Each state has a network of independent, self-governing foundations with the resources to do big picture work. There is a movement, supported by technology, that is helping all foundations in a state work collectively to eradicate our most pressing health, safety and education challenges — through collaborative work. That’s a future we are looking forward to.

For many decades, foundations of all sizes have said they are working to improve the lives of children. According to the National Center for Charitable Statistics (NCCS), more than 1.5 million nonprofit organizations are registered in the US. This number includes public charities, private foundations, and other types of nonprofit organizations, including: chambers of commerce, fraternal organizations and civic leagues.

So how can the foundation world empower states, city and counties, strengthening their capacity to confront and recover from a public health crisis and economic disruption? They can fund our/your proposals to do groundbreaking work designed to achieve measurable and meaningful results.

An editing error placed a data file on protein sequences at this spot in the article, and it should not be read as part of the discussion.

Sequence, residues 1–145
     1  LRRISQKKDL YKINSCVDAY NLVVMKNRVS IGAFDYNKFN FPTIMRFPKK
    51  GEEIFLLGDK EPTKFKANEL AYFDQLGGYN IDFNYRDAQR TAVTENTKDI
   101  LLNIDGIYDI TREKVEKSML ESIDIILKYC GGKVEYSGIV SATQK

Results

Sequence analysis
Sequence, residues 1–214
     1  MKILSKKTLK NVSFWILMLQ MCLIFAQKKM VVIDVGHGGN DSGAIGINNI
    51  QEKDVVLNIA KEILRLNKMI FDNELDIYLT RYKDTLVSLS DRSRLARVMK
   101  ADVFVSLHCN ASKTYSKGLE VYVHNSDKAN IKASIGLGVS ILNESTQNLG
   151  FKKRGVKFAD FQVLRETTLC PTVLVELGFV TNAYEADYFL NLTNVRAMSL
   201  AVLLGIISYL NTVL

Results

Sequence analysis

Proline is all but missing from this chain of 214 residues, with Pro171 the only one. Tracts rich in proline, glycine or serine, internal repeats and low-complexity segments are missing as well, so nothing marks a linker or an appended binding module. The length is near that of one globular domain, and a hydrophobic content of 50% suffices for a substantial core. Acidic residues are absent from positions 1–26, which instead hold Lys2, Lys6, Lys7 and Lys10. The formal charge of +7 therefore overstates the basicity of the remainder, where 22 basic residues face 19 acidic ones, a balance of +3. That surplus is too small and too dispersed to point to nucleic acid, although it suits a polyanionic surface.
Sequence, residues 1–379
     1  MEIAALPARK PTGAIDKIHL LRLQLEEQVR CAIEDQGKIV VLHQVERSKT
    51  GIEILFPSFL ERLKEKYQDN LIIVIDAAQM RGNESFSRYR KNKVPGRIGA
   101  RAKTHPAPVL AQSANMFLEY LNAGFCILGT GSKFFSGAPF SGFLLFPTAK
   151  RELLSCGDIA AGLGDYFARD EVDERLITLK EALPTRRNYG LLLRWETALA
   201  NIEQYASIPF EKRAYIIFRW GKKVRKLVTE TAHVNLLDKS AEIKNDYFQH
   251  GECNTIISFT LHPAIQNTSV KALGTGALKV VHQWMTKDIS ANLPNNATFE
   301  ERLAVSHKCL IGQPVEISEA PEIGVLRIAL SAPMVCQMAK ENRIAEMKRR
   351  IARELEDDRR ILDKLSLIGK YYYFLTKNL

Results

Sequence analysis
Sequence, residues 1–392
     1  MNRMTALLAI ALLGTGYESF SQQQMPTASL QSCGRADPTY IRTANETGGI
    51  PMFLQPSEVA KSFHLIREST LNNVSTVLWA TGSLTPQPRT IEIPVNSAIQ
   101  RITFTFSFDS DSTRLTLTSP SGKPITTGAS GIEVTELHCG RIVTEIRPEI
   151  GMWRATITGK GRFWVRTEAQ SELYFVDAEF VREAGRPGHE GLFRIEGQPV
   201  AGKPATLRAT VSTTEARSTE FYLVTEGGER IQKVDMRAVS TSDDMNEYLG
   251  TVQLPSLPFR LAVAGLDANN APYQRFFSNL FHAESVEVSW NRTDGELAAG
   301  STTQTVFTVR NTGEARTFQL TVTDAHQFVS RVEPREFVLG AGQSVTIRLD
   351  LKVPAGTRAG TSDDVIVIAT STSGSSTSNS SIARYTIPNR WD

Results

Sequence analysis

Have the proposal ready

It’s up to each of us to share our vision for a post-pandemic world where all us thrive. Toddlers. Students. Parents. Grandparents. Public sector. Private sector. Everyone. Everywhere. Go grab a cup of joe and start writing those proposals articulating bold plans for a future when 100% are empowered to succeed. Mr. Bezos or some philanthropist just like him is waiting.

The future is what we make it. Join the evolution.

Please excuse any typos as I construct an article at 3am on only one cup of Joe. These stories are mine and mine alone. I do not represent any organization here. If one of my illustrations looks like a real human or hydra, that’s total coincidence. Words and images ©Dominic Cappello but share with everyone you know. Any questions? The mission awaits: www.tenvitalservices.org